Las Vegas Raiders NFL Draft Picks 2022: Ratings, tweaks and scouting reports
The Las Vegas Raiders entered the 2022 NFL Draft on April 28 with five picks over the three-day draft. After four trades, they finished with six draft picks.
The Raiders weren’t expected to be on the clock until No. 86 after trading their top two picks for Davante Adams and they remained patient. After moving to the No. 90 pick to grab an extra fifth round, the Raiders selected Memphis offensive lineman Dylan Parham.
On Saturday’s Matchday 3, the Raiders then traded with the Vikings to move up four spots – just ahead of the AFC West rivals Chargers – to take Georgia running back Zamir White. Shortly after trading again with the Vikings – reacquiring the No. 126 pick they had just shipped – and selecting LSU defensive tackle Neil Farrell Jr. Following another trade, this one with the Rams to add an additional seventh-round pick, the Raiders drafted Tennessee defensive tackle Matthew Butler in the fifth round. In the seventh round, the Raiders selected Ohio State offensive tackle Thayer Munford and UCLA running back Brittain Brown.
Here are the ratings and analysis and ratings for each Raiders pick:
No. 90 (of the Titans): Dylan Parham, OL, Memphis
How it fits: One of the best center prospects in this draft – and he never played center in college. Parham (6-2, 311) played guard and tackle at Memphis after beginning his career as a tight end/defensive prospect. Big athlete up front with an impressive turn. Almost impossible to go under and get out of leverage inside. He picks up and moves people with speed and power. But he is small. You wish it had more length. I had some really awesome stretches at the center during Senior Bowl week and it felt like a quick study. He has a chance to be a very good center in time, but the Raiders may need to exercise a little patience. —Nick Baumgardner
Dane Brugler’s analysis: Parham can sometimes play too fast and lose his bearings, but he has excellent movement skills and understands how to take advantage of defenders and maintain the point of attack. He has the level of talent to provide immediate interior depth to an NFL team and compete for a starting job, throwing best at center.
Vic Tafur’s analysis: Raiders draft Dylan Parham: Offensive line gets versatile and needed boost
Note from Sheil Kapadia: B+
No. 122 (from Vikings via Colts): Zamir White, RB, Georgia
Dane Brugler’s analysis: White was part of a deep backfield in Georgia and was unproven in passing, but he has the ideal build, footwork and mentality to be a dynamic one-cut runner. He has NFL starting potential if medicals aren’t an issue.
Tashan Reed’s analysis: White (6-0, 214), struggled with injuries in high school and early college but led the Bulldogs in rushes each of the past two seasons. It doesn’t offer much as a receiver, but it’s a power runner with a 4.4 speed. After this pick, I think the Raiders will have four running backs: Josh Jacobs, Kenyan Drake, Brandon Bolden and White. Looks like the New England running back by committee approach is coming to Las Vegas. White needs work as a receiver and blocker, so he could benefit from a lesser role this year. But with Jacobs and Drake set to enter free agency in 2023, he could be a starting option for the Raiders as early as next season.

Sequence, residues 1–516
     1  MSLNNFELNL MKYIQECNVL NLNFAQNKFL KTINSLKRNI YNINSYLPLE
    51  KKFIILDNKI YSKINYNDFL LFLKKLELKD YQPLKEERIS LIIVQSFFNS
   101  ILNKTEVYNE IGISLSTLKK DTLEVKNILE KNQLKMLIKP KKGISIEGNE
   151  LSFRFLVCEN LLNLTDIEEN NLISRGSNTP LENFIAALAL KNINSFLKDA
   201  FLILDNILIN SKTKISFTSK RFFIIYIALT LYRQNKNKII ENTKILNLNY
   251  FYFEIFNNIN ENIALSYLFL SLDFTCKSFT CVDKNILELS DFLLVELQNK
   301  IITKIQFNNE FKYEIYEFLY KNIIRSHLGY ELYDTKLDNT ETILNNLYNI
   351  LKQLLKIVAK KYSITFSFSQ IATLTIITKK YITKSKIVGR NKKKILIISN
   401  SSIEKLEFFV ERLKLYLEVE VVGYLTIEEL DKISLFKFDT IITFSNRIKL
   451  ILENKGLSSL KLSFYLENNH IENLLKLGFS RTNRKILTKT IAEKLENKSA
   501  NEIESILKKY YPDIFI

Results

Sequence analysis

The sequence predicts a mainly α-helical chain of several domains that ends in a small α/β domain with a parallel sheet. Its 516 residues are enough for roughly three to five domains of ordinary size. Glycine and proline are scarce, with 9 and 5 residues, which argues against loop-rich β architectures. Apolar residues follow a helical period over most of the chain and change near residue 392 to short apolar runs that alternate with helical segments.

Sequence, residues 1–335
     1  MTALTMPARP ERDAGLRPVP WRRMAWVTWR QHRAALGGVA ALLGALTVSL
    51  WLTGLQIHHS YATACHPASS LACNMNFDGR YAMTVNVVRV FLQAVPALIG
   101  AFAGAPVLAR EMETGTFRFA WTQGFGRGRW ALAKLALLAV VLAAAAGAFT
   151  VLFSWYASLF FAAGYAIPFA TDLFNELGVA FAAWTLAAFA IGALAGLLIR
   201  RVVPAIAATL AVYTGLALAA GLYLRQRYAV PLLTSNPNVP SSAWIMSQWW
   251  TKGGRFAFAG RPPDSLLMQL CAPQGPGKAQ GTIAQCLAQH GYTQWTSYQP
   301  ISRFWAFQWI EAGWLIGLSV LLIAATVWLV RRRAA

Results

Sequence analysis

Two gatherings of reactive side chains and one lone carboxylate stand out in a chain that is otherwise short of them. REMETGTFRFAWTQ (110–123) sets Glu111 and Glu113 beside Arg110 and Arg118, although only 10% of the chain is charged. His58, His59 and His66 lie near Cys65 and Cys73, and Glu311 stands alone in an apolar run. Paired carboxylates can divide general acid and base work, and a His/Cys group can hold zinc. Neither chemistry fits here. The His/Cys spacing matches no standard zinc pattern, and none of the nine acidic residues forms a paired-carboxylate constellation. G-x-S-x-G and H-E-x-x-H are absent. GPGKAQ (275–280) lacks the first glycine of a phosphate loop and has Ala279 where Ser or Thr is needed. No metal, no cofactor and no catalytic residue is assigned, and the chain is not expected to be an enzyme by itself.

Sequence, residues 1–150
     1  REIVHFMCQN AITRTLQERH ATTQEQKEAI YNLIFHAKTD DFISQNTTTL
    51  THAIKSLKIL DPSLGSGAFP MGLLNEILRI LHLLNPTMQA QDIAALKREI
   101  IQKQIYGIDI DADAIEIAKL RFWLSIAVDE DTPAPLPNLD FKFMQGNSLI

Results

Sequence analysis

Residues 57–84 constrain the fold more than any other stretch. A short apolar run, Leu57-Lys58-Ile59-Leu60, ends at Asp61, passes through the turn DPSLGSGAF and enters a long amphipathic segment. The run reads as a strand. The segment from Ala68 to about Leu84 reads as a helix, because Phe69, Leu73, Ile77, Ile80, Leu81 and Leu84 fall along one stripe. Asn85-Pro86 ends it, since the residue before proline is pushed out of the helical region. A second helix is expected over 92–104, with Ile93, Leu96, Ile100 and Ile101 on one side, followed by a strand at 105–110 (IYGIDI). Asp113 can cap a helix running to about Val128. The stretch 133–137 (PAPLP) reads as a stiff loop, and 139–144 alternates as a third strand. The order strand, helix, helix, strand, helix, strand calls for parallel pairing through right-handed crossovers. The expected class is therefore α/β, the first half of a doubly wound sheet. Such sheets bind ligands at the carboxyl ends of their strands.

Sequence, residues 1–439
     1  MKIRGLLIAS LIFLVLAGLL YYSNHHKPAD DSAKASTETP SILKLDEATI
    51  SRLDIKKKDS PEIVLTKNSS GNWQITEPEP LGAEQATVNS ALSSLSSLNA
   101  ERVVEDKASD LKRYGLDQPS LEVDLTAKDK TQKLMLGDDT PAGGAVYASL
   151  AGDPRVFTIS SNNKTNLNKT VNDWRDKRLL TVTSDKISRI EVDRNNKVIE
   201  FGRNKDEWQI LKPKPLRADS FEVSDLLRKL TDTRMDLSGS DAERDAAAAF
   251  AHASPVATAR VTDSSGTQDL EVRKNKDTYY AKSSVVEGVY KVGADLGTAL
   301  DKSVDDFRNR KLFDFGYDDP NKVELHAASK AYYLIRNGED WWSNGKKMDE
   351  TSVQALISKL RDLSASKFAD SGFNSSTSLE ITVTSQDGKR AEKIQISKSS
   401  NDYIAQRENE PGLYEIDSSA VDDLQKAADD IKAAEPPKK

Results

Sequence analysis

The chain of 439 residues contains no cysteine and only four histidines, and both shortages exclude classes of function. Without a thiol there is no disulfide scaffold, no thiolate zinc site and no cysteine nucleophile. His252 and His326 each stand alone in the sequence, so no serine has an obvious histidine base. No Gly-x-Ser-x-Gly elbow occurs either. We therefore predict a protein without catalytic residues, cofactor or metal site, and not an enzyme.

No. 126 (from Vikings via Raiders): Neil Farrell Jr., DL, LSU
Dane Brugler’s analysis: Farrell doesn’t always play with balance or control, but he has a surprisingly quick hitting speed as well as functional playing strength that causes problems for blockers. At worst, he should be a rotating nose tackle in the NFL with the potential to be more.
Vic Tafur’s analysis: Farrell is a nose tackle who tested poorly at the NFL Scouting Combine but has good band bullying opponents in the SEC to make him an intriguing value pick at 126. He had 45 total tackles (20 solo), 9 1 /2 TFL and two sacks last season.
No. 175 (from Rams): Matthew Butler, DT, Tennessee
Dane Brugler’s analysis: Butler has functional athleticism and a reliable style of play, but results on the field have been average and it’s a stretch to think that will change from NFL competition. It can be a three-technique rotation and adapt to several schemes.
Tashan Reed’s analysis: Butler was a two-year starter for the Vols and had his best season with 47 tackles, 8 1/2 tackles for loss and five sacks last season. It fulfills the role of three techniques / five techniques and gives them inner help to pass quickly. The Raiders now have eight defensive tackles on the roster, but the group is heavy on nose tackles and doesn’t have a ton of proven inside passers. Butler is someone who could remedy this problem in the years to come and bring more diversity to the D-line.
No. 238 (from Rams via Dolphins): Thayer Munford, OT, Ohio State
Dane Brugler’s analysis: Munford wins with size and length and has played a lot of football, but he struggles to stay balanced and his inconsistencies create chances for passers. His tackle and guard experience boosts his chances of making the NFL as a backup.
Tashan Reed’s analysis: Munford was a three-year starter at left tackle for the Buckeyes, but moved to left guard in 2021 and was a first-team All-Big Ten selection. It adds more competition between the interior offensive line and the versatility of the offensive line.
No. 250 (from Vikings via 49ers via Broncos): Brittain Brown, RB, UCLA
Vic Tafur’s analysis: It’s a bigger back with good vision, if not very fast. My favorite dish from a Boy Scout: “Hasn’t been overworked as a varsity runner.”
(Photo by Dylan Parham: Butch Dill/Associated Press)